The 20 Key Things Needed for a Surgery

An operating room represents one of the most complex and carefully designed spaces in the world. They are filled with equipment that will, or may, be used throughout the course of a wide range of different procedures. Here are just a few of the essentials found in an operating room.

Anaesthesia Cart

Administrating anaesthesia to patients during surgery is incredibly complex, and anaesthesiologists need to keep plenty of tools to hand. Keeping them organised within a dedicated cart ensures that the patient will be able to receive any necessary care as quickly as possible.

Surgical Retractor

A surgical retractor is an essential piece of equipment for keeping an incision open during surgery, or for keeping organs away from the site being operated upon. They are crucial to allowing the surgeon proper access to areas all over the body.

Scalpel

The scalpel is perhaps the most recognisable instrument utilised by surgeons. It is an incredibly sharp knife used for making precise incisions during surgery.

Operating Table

This is where the patient will lie during their operation. They can be adjustable, to ensure that the arrangement is suited to the nature of the surgery being conducted.

Surgical Lights

One of the most essential pieces of equipment during any procedure, these lights can be easily adjusted to ensure that the surgeon is never struggling to see what they are doing.

Defibrillator

While it may not be needed in the majority of procedures, a defibrillator must be close at hand in order to ensure that, should the patient experience a cardiac dysrhythmia (changes to heartbeat), they can be treated quickly.

Suction Pump

Ensuring that the area being operated upon is clear of fluid is critical to ensuring that the surgeon can see what they are doing. Suction is used throughout the course of many operations to ensure visibility.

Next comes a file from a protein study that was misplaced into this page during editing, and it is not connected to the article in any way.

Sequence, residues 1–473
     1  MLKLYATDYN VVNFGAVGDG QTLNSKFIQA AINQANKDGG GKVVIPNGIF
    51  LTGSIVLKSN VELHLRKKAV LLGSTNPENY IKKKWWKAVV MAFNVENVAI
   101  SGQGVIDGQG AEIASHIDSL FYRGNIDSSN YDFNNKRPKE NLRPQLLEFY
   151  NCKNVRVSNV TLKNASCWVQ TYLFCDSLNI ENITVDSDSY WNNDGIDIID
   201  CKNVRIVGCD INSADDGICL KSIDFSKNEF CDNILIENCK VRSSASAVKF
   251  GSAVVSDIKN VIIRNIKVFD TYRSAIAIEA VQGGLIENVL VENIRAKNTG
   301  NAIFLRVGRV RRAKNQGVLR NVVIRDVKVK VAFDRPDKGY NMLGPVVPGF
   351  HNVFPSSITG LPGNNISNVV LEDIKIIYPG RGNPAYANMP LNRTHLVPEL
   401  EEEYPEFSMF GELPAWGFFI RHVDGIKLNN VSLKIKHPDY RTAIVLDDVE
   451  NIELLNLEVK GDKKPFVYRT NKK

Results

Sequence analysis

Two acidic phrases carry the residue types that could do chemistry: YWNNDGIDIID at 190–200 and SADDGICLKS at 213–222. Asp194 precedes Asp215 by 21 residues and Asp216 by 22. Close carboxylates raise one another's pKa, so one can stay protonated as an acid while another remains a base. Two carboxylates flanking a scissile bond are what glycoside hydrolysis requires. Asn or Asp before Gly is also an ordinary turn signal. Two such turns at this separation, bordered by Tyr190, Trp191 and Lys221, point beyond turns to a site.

Waste Disposal

Surgeries lead to plenty of waste, all of which is considered a biohazard, which means that stringent measures must be followed for disposing of any waste as quickly as possible.

Sterilisation Equipment

Everything used within the operating room must be thoroughly sterilised in order to mitigate the risk of infection. This can be done using, for instance, steam, dry heat, chemicals like hydrogen peroxide, or plasma gas sterilisers.

Surgical Scissors

Surgical scissors come in a number of different curvatures or may be straight, and varying degrees of sharpness. They are used for cutting through tissue with precision.

Haemostat

Any open blood vessels risk causing significant blood loss, which is why haemostats are used during the procedure to compress these vessels and prevent excess bleeding.

Needle Drivers

At the end of a procedure, the surgeon will use a needle driver to hold their instruments as they suture incisions closed.

IV Drip

Anaesthesia may be administered via an IV, or other fluids may be given to the patient throughout the procedure.

PPE

Personal protective equipment such as masks, gowns, and gloves are essential to ensuring that the room is kept sterile, and that no germs or debris end up anywhere near the patient.

Oxygen Tank

Anaesthesia effectively paralyses the patient’s body, and that means that it is incredibly easy for them to become under oxygenated, which is why oxygen is regularly administered to patients before, during, and after the procedure.

Absorbent Tray Liners

Any instruments not currently in use will be placed back on the surgeon’s tray, on top of a tray liner. This helps to keep them sterile.

Surgical Drapes

Drapes ensure that the sterile field is maintained from beginning to end.

Electrocautery Machine

Cauterisation has a number of different uses in surgical settings, from burning off unwanted tissues to sealing blood vessels. Surgeons will always ensure one of these machines is to hand.

Pulse Oximeter

This device is clipped onto the finger and measures the oxygen levels in a patient’s blood to make certain that they remain healthy.

Heartrate Monitor

A patient’s heart rate should be carefully monitored throughout the procedure, in order to ensure that their health is not deteriorating as a result of the anaesthesia, or the surgery itself.